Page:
Federal workers could start facing furloughs as early as April, according to federal agencies trying to prepare for the worst.
Unless Congress steps in, some $85 billion in massive spending reductions will hit the federal government, doling out furloughs to much of the nation's 2.1 million federal workforce, experts say.
The cuts coming as a part of the forced spending cuts that will carve out some 9% from non-defense programs and 13% from defense programs. They're part of a larger effort to trim $1.2 trillion from federal deficits over 10 years.
Daniel Werfel, a controller for the Office of Management and Budget, told a Senate panel Thursday that furloughs won't happen until after agencies negotiate with unions, and that's not expected to be finished until after March 1.
After union bargaining, the agencies still need to give employees their official 30 days notice of impending furloughs, realistically pushing most furloughs off until April. However, some non-union employees could face furloughs in March.
Unions usually have the final say on how the furloughs will be implemented, said Colleen M. Kelley, president of the National Treasury Employees Union (NTEU). She said they get to bargain with federal agencies on issues such as how the furloughed days will be spread out.
The unions will also work with agencies to ensure that things such as performance reviews don't reflect work left incomplete due to furloughs.
"We believe that one furlough day is one too many for employees," said Kelley, whose group is among those pushing Congress to come up with an alternative to federal budget cuts.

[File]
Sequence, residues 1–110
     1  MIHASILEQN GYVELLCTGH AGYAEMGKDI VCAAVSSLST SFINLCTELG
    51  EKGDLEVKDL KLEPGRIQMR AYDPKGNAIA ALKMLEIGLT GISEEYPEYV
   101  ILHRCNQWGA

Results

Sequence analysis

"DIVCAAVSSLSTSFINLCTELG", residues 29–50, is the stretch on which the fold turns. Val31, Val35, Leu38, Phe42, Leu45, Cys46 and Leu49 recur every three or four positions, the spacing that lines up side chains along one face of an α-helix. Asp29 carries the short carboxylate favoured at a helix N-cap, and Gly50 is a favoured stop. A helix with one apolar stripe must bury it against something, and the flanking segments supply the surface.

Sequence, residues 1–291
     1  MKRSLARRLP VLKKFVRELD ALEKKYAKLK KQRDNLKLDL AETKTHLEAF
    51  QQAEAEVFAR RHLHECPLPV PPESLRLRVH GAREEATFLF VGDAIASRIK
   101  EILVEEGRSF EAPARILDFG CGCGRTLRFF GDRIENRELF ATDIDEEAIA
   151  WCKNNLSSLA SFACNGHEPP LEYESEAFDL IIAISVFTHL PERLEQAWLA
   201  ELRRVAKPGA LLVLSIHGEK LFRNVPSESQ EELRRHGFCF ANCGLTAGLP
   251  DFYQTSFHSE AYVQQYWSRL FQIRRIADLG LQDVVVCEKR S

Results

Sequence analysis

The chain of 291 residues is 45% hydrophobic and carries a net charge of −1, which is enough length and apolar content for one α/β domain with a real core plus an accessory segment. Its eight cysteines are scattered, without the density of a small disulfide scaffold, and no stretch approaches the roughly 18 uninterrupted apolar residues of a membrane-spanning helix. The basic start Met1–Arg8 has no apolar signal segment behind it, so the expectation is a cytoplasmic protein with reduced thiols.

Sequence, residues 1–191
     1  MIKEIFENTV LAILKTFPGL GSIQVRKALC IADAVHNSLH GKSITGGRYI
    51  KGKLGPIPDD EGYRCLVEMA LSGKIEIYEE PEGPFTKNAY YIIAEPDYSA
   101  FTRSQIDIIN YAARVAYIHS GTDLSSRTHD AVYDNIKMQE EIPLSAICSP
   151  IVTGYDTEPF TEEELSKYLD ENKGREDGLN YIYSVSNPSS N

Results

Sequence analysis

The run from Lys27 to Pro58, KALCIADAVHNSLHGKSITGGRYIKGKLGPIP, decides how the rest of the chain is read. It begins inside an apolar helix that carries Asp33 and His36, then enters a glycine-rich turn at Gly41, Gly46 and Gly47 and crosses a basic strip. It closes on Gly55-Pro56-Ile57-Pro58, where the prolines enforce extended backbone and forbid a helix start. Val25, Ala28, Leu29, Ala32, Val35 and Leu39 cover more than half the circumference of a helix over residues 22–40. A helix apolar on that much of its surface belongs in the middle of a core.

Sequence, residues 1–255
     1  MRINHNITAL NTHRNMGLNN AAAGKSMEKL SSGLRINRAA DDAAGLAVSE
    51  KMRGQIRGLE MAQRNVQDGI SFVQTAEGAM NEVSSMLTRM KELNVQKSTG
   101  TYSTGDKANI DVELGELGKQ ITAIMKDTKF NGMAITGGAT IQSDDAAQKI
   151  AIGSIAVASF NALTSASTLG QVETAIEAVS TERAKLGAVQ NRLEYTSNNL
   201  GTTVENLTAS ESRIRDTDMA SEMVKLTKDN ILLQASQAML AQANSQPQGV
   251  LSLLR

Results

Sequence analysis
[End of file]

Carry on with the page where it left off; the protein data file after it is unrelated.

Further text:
Neither NTEU nor National Federation of Federal Employees have been approached to officially begin the bargaining process over furloughs, both confirmed.
At Thursday's hearing, Werfel said agencies might not be able to avoid furloughs that would reduce essential services. At the Agriculture Department, for example, it's not possible to avoid furloughs that would result in fewer food inspections, because most of the agency's expenses are the salaries and benefits of people who perform those tasks.
"So it becomes a math issue, ultimately," he said. "This is one of the very tangible and clear and significant impacts of sequester: This division within USDA will not be able to make its core mission of sending the inspectors to these locations."
The exact number of total furloughs planned is still unavailable, since agencies are still deciding how to spread the cuts. It's possible some agencies may yet be able to spare some employees from furloughs or at least minimize days of unpaid leave.
Generally, workers would keep benefits such as health insurance, according to recent guidance from the Office of Personnel Management. But some workers may have to give up more from their paychecks when they return to work after a furlough, if their salary for the pay period wasn't enough to cover health insurance premiums.
The sequester -- a series of blunt, automatic funding cuts across much of the federal budget set to begin March 1 -- was never supposed to go into effect. Instead, the threat that it might was supposed to spur lawmakers to find a smarter way to reduce deficits over the next decade.
The only group that could escape furloughs are some 1,500 presidential appointees, including Cabinet positions, deputy secretaries and assistant secretaries. That's because those jobs are considered 24-hour-a-day positions, said Max Stier, president and CEO of Partnership for Public Service, a nonprofit that advocates for a more efficient federal workforce.
Most of those workers are at the top of the federal pay scale, Stier said.
"It's just craziness," he said. "You're telling the vast bulk of federal employees 'Guess what, you don't know how much money you're going to make.' And in all likelihood, these hard-working people will have to do the same amount of work."